While the character design and settings are true to the manga, the plot is considerably different. But despite this, Akira was still lauded by critics as one of the greatest animated and science fiction films ever made. Its success has been pivotal to the growth of the cyberpunk genre, influencing numerous anime shows.
Fist of the North Star
Whether you’re exploring classic anime shows to watch or looking for classic Shonen Jump titles, Fist of the North Star is surely up your alley. It pioneered a new style of action shows and proved to be a major hit until the rise of Dragon Ball.
In 1983, Tetsuo Hara created the manga and was later adapted into a TV series by Toei Animation — the studio company that helmed Vampire Hunter D. The story follows protagonist Kenshiro who is on a quest to find his girlfriend and protect humanity from post-apocalyptic terrors.
Fist of the North Star animation is distinctly from its generation with insane and seamless action sequences and a badass soundtrack. What’s more? We’ve got a fun fact for you. The show popularized some of the first anime memes with Kenshiro’s almighty punch and following catchphrase “Omae wa mou shindeiru” (meaning “You are already dead.”)
Are you a huge Shoujo fan?, we’ve got you covered with yet again an amazing and romantic-drama show, Glass Mask. Aired back in 1984, Glass Mask is an anime adaptation of its titular manga. The series is a biography of a young actress named Maya Kitajima.
It captures her life from the start of her acting career through to becoming a professional actress. While some anime fans and critics might argue that it isn’t the best anime to watch, it still is a good 80s anime show to add to your list.
Its characters are well-nuanced into the story, giving justice to their character development. The end of each episode leaves you wanting more and unraveling the truth about the show.
Lupin III: The Fuma Conspiracy
Lupin is probably one of the most popular anime characters to exist. From its renowned series comes a fresh, and well-intentioned adventure-mystery film. Written by Monkey Punch, Lupin III: The Fuma Conspiracy is about the marriage between Goemon and Murasaki Inabe. Murasaki is the daughter of a Samurai Clan’s leader.
However, the Fuma Ninjas kidnapped Murasaki and asked the clan’s treasures for ransom. This led Lupin, Jigen, Goemon, and Fujiko to team up to ensure Murasaki’s safety and secure the treasure from the Fumas.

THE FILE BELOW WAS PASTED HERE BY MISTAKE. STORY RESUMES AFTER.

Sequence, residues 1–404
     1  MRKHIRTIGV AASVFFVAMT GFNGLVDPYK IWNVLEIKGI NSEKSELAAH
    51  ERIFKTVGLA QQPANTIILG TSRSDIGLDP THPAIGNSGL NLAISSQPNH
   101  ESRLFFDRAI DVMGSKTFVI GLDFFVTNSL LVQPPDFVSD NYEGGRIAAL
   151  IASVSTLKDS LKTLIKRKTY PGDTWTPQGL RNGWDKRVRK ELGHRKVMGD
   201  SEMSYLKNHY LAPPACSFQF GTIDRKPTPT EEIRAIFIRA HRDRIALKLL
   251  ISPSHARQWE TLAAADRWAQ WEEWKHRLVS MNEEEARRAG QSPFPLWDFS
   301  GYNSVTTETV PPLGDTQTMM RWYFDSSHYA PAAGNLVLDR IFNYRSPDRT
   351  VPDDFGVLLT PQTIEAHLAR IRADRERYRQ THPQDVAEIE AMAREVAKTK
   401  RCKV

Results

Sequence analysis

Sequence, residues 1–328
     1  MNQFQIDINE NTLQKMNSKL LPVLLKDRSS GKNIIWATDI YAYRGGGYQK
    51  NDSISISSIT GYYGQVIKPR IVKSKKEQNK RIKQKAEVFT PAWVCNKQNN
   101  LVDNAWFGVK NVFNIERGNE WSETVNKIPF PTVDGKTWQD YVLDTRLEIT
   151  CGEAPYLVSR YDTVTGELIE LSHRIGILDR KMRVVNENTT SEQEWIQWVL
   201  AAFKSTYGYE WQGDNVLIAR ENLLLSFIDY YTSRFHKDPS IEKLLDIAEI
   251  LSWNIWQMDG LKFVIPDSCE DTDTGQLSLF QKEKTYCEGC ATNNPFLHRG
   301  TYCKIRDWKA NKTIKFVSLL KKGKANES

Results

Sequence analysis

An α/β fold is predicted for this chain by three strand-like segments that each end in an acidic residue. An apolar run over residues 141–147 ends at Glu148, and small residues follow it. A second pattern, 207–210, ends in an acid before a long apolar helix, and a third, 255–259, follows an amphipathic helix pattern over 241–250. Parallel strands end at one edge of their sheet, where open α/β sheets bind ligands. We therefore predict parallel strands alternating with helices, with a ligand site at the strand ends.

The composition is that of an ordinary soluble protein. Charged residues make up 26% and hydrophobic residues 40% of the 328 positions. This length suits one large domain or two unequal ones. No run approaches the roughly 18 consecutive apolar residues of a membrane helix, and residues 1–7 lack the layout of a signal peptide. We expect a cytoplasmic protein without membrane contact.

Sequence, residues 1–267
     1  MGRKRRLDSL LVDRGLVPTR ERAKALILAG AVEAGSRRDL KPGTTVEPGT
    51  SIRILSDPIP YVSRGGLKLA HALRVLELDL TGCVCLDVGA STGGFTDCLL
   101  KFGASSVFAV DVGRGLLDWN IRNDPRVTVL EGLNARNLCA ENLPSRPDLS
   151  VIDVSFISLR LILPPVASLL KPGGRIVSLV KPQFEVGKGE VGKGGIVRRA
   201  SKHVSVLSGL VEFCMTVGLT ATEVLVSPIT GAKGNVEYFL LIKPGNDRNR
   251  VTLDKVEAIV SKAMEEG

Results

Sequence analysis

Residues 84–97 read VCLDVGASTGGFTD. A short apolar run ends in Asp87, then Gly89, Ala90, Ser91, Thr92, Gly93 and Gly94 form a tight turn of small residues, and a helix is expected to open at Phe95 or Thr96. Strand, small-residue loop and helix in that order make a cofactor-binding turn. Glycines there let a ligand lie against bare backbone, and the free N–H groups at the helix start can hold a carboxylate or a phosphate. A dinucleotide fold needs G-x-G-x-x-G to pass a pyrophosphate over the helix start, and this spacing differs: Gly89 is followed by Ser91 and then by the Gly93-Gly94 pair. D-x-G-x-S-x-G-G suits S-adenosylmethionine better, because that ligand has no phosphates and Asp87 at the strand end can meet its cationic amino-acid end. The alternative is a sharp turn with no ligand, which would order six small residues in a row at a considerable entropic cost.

If you want to watch different iterations about Lupin III, you should watch this installment of the franchise. It has been among the most popular ones from the ‘80s.
Frequently Asked Questions
Answer: Well, the answer is quite complex, but generally, 1980s anime are among the top-tier animes of all time. Again, the ‘80s was the golden age of anime. So, you will easily find good anime (be it television or film) from the ‘80s.
There’s also a wide variety of anime genres to explore during this period, including shonen, isekai, comedy, shoujo, romance, action, adventure, and more.
Answer: ‘80s anime movies and series bravely explore different concepts that today’s anime hardly tackle. They offer an enthralling mix of stories — a big reason why people considered 80s anime as the GOAT.
During this period, most anime series and movies explore strong, relatable characters, which offer multidimensional personalities.
Question: What is the Most Popular ‘80s Anime?
Answer: According to the popularity ranking in MyAnimeList, Studio Ghibli’s Grave of the Fireflies, My Neighbor Totoro, and Nausicaa of the Valley of the Wind are among the most popular ‘80s anime.
Answer: Most streaming sites offer a roster of the good ol’ classic anime movies and series. For watching classic and original Japanese animated series, you can visit Crunchyroll, Netflix, Hulu, Funimation, Hidive, VRV, and Amazon Prime Video to check whether they have the anime movies and series you want to watch.
There’s no doubt that ‘80s anime have etched a special place in our hearts. Whether you’re an OG anime fan or you have recently dug up a classic gem, you will truly enjoy watching these anime films:
- Vampire Hunter D
- Angel’s Egg
- My Neighbor Totoro
- Grave of the Fireflies
- Captain Tsubasa
- Dragon Ball
- Wicked City
- Princess Sara
- Ganbare Genki
- The Mysterious Cities of Gold
- Space Castaway Vifam
- Fist of the North Star
- Glass Mask
- Lupin III: The Fuma Conspiracy
All of these are excellent recommendations, but if you are pressed for time and want a feel-good show, you might want to check some of Studio Ghibli’s work, especially My Neighbor Totoro. As for the ‘80s anime series, you can start watching ones with the fewest number of episodes too.